Locked-in

Lock-in as a marketing strategy is alive, well, and unfortunately growing.

For dot-communists and those raised in the era of Linux, vendor lock-in is the art of keeping customers captive. By making people commit to a technology, and thus raising the pain of switching away from said technology, vendors cause customers to linger even when they do not want to. I know CIOs who for decades have blustered against Cognos and being locked into stiff annual license fees for PowerHouse, Cognos’ ancient 4GL.

Yet they pay the fee every year knowing that rewriting thousands of lines of PowerHouse code is pretty pricy too.

Another variation of vendor lock-in is commonly called upgrade robbery. I encountered such a scam this week when I noticed my ancient (circa 2003) smartphone buttons started to stick. In order to upgrade to a newer smartphone, AT&T insists that I buy $720 worth of wireless data that I do not need or want. My options are to switch carriers (who currently require the same data plans), or buy an unlocked phone for which AT&T may or may not automatically add a data plan for using. More maniacal still is that mandatory data plans are designed to condition cellular subscribers into using data services. Thus, at the end of a two year data engagement, the luxury of wireless data will have become and necessity.

Pretty pricy phones.

Amazon also has a bit of a lock-in with their popular Kindle ebook reader, though their version of lock-in is somewhat friendlier. The data format for Kindle books is proprietary, and Amazon is in no hurry to openly license the format to competing hardware makers. Buying an Amazon ebook means only owning Kindles for reading it, which if you are a typical bibliophile or literary pack rat means you have one and only one upgrade and replacement path – Amazon lock-in.

Pretty pricy e-paper.

Oddly, lock-in rarely lives long, with Cognos being an obvious exception. Customer lock-in is a strategy that invites competition, either with competing proprietary products, or more insidiously with open technology. Just ask Steve Balmer if Linux has caused Microsoft any problems in the market (and if you want to see Steve toss another chair, ask him if Vista caused Microsoft any problems in the market).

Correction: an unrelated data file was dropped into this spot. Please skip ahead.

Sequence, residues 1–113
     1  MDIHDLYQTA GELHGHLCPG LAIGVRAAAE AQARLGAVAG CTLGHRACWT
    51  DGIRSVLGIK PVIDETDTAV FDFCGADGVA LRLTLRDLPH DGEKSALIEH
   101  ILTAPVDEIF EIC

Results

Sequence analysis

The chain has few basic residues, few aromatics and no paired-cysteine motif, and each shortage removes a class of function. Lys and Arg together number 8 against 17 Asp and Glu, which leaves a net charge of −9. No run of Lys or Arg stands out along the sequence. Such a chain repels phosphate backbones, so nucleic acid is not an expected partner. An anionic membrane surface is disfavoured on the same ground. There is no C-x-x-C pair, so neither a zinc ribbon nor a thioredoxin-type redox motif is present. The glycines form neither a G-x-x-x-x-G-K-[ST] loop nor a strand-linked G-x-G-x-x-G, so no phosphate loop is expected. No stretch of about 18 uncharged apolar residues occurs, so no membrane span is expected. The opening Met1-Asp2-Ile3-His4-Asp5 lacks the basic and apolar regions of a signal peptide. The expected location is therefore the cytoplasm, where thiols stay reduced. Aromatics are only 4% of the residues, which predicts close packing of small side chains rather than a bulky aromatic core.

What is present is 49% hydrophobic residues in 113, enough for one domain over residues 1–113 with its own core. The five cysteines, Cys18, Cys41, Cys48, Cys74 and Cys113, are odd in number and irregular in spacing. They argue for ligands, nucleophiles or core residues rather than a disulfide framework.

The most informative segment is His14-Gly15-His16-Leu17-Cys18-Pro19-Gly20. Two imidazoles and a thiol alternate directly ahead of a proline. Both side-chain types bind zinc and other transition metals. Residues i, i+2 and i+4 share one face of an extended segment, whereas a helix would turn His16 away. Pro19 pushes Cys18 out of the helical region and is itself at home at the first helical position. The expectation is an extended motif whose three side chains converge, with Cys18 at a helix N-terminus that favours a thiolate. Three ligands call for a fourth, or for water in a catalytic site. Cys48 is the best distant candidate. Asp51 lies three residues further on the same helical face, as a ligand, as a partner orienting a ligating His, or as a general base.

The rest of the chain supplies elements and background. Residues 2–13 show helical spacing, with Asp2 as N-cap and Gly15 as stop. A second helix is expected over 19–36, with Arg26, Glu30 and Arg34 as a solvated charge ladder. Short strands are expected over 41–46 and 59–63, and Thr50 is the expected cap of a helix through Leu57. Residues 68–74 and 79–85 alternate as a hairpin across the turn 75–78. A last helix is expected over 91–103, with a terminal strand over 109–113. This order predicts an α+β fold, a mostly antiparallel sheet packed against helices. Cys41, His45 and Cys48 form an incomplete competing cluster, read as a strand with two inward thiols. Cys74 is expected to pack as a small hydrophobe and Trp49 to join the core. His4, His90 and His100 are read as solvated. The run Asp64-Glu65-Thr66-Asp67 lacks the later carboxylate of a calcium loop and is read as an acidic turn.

Already we see cracks in the each of the lock-in strategies. AT&T and their enabler Apple are repeatedly prodding Google to go nuclear, and recent rumors indicate Google may break the upgrade lock-in mechanism. Google is allegedly entering the hardware business and launching their own phones, to be available unlocked and at retail. Since G-phones are just as slick as iPhones, and since their open source souls allow for a broader range of potential applications, this is a market changing event. In the short term AT&T, Verizon and other lock-in experts will likely gouge customers slipping an unlocked G-phone onto their networks.

And that will be a mistake.

Smaller and hungrier carriers have already adjusted their voice plans to compete with the confusing and costly packages offered by the likes of AT&T and Verizon. Smaller carriers already offer flat-rate, unlimited voice plans and are earning sufficient revenues to expand their coverage maps (the chief differentiator of the major carriers). With over 70 GSM carriers in the U.S., the potential for competition is huge – vendor lock-in is thus a poor long term strategy.

This is where Google aggravates this situation. Currently, unlocked phones are a small business (albeit growing). Amazon sells unlocked phones, but has a special FAQ page due to the confusion factor and a general lack of iPhone-level lust for unlocked gizmos. A Google phone on Wal-Mart shelves with Google-simple instructions for swapping SIM cards will change the demand side of the equation. This will help the smaller carriers and tempt one of the major carriers to drop the data plan requirement.

Likewise, Barnes and Noble is teaming up with Adobe to promote open standards in ebook data formats, directly attacking Amazon’s Kindle lock-in and opening the ebook reader market to manufactures everywhere.

So when should a vendor employ a lock-in strategy? It depends on how much of your soul you are willing to give the Devil, but it does have a place in growth strategies. In new markets where you are taking large risks by inventing and promoting new product concepts, lock-in may be necessary to temporarily forestall competition and to guarantee some degree of recurring revenue. Amazon’s Kindle is a good example. Though not a new concept, Amazon was attempting to popularize ebooks and needed to assure that consumers would come to Amazon to buy the books as well as the reader. Publishers also need some assurance that the market would not be confused by too many products spread over too many vendors.

But lock-in is short lived – aside from mainframes and Cognos PowerHouse – and should not be a strategy on which to pin all future hopes. Amazon should have moved toward an open document format with the Kindle II, which in the short run would have cannibalized hardware sales while solidifying Amazon as the place for ebooks and growing the ebook market.

I’d have more to say, but I want to spend some time browsing unlocked phones on Amazon.


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